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February 12, 2019Max Amordeluso
As part of my role as an Alexa evangelist, I get to meet talented developers who have embraced voice as their medium of choice to innovate. Gal Shenar is one of those developers. With more than 35 live Alexa skills and 250,000 monthly active users, Gal has “cracked the code” for building highly engaging Alexa skills.
Gal’s story of how he got started with Alexa is very inspiring to me. After learning how to build Alexa skills during a workshop with veteran Alexa evangelist Rob McCauley, he became excited by the potential to create delightful voice experiences. Shortly after this workshop, he started publishing his creations to the Alexa Skills Store. Today he’s the creator of engaging voice-first games such as Escape the Room, Escape the Airplane, and Angel Investor. He also owns his own voice development studio called Stoked Skills.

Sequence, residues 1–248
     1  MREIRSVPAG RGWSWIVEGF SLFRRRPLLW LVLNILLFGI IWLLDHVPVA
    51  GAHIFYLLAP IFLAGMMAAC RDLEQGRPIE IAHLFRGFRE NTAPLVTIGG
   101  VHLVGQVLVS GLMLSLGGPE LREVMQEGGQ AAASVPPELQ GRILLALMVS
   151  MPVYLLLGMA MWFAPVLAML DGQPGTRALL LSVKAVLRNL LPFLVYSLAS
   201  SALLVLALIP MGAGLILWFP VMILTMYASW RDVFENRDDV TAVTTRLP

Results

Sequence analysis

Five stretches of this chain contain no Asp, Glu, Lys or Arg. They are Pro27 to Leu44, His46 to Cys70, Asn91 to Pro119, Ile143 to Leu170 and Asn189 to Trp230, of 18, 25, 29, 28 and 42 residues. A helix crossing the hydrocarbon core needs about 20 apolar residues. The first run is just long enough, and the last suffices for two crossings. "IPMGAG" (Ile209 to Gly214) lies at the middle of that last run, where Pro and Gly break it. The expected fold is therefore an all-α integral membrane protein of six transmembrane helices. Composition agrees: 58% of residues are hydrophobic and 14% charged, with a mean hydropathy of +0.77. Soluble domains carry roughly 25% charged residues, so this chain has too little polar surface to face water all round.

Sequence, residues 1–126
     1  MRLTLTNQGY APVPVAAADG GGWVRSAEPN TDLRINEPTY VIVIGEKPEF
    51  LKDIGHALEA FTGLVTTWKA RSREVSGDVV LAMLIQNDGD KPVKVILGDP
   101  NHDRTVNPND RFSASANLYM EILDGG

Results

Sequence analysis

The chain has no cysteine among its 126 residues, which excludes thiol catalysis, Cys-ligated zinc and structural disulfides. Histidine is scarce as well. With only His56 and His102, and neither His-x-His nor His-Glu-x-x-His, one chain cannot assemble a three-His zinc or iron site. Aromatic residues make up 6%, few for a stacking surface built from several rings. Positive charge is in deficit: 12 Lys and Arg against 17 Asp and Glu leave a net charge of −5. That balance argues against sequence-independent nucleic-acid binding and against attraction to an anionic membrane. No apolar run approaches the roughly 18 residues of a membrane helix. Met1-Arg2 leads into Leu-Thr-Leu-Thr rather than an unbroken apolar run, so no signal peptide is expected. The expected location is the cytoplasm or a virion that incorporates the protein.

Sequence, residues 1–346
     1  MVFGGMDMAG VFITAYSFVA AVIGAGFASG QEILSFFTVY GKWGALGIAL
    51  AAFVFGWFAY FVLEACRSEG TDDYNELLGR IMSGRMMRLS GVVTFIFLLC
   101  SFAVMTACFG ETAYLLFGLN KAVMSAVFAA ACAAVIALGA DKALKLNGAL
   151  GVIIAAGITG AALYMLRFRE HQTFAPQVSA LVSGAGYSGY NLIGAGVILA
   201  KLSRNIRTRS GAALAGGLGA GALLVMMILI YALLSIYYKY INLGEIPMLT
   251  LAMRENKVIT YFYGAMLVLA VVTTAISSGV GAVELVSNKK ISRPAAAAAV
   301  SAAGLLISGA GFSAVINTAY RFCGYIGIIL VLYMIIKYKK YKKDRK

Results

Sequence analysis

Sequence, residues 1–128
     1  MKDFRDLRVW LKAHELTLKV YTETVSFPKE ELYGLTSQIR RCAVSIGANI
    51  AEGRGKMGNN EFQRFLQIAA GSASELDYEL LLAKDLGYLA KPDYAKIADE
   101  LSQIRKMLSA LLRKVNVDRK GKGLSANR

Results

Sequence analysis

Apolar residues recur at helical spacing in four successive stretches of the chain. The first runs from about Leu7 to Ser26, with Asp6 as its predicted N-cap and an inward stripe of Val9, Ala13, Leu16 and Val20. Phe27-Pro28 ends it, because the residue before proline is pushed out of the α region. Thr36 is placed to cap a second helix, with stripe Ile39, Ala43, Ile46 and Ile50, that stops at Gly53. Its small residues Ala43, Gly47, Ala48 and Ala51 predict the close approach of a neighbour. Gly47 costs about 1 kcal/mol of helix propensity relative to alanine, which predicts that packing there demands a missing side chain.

I met Gal at AWS re:Invent 2018 and was thrilled to have the opportunity to chat with him about games, voice design, and building a business. Gal knows what it takes to build highly engaging, and high-converting, voice-first games. His lessons learned are valuable to anyone looking to build voice gaming experiences.
Here are some of the best practices he shared about building voice-first games for Alexa.
Once you have an idea, don’t be shy, says Gal. Try it out, see if it works well on voice. If it doesn’t, your users will let you know. This is the frame of mind that drove Gal to successfully bring to Alexa something nobody else thought feasible: a voice-driven escape game. Traditionally, these are detail-rich games to be enjoyed in person. But he was able to port the concept over to Alexa when he created his Escape the Room skill.
Playing a good voice game “is like reading a book, but [the user plays a big part in] how the story evolves,” says Gal. He figured out that an escape-the-room voice game made sense, as a naturally communal experience on Alexa. The whole family could solve the puzzles together, picturing the rooms in their minds in slightly different and personal ways.
Thinking about your audience is as important as developing the right idea. Define your audience, but be flexible enough to account for the fact that your users will vary a lot in terms of age, ability, and technical prowess. You never know who will be using your skill and ideally you want your skill to be adaptable to all the possible users.